Preferred prepolymers include polyethylene glycol that is end-capped with toluene diisocyanate; a copolymer of ethylene oxide and propylene oxide (optionally with trimethylolpropane) and toluene diisocyanate; toluene diisocyanate-polyethylene glycol-trimethylopropane, methylene diisocyanate-methylene homopolymer; polymeric methylene diisocyanate-polyethylene glycol; polymer of ethylene oxide-propylene oxide-trimethylolpropane and isophorone diisocyanate, and polyethylene glycol trilactate and toluene diisocyanate. Suitable prepolymers of the above types are available from Dow Chemical Company as HYPOL PreMA® G-50, HYPOL® 2000, HYPOL® 3000, HYPOL® 4000 and HYPOL® 5000, which formulations generally include copolymers of polyethylene oxide and a minor amount of polypropylene oxide. Others are available under the trademark Urepol from EnviroChem Technologies, and comparable prepolymers can be prepared from commercially available feedstocks.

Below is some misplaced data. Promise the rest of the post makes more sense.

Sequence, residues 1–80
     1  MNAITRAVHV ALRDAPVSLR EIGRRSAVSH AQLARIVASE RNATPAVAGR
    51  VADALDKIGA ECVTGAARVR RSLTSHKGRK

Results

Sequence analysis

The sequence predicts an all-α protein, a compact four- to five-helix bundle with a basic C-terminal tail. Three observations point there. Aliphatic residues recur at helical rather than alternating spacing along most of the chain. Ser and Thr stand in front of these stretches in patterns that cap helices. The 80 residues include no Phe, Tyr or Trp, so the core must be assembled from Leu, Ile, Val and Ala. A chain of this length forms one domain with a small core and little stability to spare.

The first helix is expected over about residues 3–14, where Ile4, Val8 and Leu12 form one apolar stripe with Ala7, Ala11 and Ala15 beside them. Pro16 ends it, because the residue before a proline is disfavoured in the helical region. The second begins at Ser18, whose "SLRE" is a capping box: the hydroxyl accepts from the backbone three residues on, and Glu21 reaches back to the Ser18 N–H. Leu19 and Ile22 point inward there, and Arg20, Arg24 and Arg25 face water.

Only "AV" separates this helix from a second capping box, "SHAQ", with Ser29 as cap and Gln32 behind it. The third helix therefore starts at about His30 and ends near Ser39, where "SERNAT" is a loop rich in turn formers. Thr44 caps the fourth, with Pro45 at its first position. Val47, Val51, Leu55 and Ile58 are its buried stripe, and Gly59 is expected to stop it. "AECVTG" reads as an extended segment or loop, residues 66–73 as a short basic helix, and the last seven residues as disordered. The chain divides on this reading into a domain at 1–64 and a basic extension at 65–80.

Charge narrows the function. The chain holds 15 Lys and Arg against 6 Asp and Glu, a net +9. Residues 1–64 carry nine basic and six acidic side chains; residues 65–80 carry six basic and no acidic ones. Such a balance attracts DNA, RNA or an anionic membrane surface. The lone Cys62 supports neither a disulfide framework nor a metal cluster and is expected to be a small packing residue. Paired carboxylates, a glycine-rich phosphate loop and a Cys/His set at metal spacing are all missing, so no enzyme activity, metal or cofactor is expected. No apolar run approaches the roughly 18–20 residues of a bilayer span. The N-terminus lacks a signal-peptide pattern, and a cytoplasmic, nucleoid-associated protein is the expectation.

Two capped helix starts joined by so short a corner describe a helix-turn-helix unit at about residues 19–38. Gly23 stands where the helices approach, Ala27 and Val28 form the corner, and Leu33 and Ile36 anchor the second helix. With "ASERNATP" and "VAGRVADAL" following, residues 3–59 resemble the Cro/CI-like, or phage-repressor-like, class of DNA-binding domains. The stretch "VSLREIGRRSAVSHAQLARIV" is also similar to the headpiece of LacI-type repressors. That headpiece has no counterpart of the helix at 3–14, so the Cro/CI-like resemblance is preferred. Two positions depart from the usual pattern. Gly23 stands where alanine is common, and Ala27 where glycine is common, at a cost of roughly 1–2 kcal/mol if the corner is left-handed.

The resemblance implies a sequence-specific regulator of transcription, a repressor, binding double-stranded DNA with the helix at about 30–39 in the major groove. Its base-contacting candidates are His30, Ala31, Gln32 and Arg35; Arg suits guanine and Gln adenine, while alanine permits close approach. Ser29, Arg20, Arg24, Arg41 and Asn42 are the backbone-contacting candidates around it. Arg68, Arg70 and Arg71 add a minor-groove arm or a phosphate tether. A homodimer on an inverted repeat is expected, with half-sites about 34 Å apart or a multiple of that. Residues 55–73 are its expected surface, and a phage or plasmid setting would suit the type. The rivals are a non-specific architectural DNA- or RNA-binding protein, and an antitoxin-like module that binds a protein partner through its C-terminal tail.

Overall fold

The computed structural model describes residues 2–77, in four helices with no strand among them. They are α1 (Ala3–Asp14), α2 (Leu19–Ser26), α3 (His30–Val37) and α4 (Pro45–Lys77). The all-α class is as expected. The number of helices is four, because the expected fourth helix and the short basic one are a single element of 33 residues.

All things considered, the main chain of the hydrogel polymer is preferably comprised of polyethylene glycol, polypropylene glycol, or a copolymer of polyethylene glycol and polypropylene glycol. Non-ionic, hydrophilic properties of polyethylene glycol and polypropylene glycol hydrogels provide for low levels of non-specific binding of analyte to the hydrogel and also provide good compatibility with biomolecules that may be immobilized therewith so as to maintain native conformation and bioreactivity thereof. Polyurethane-based isocyanate-functional hydrogels of this general type are described in U.S. Pat. No. 3,939,123 (Mathews, et al.), U.S. Pat. No. 4,110,286 (Vandegaer, et al.) and U.S. Pat. No. 4,098,645 (Hartdegan, et al.).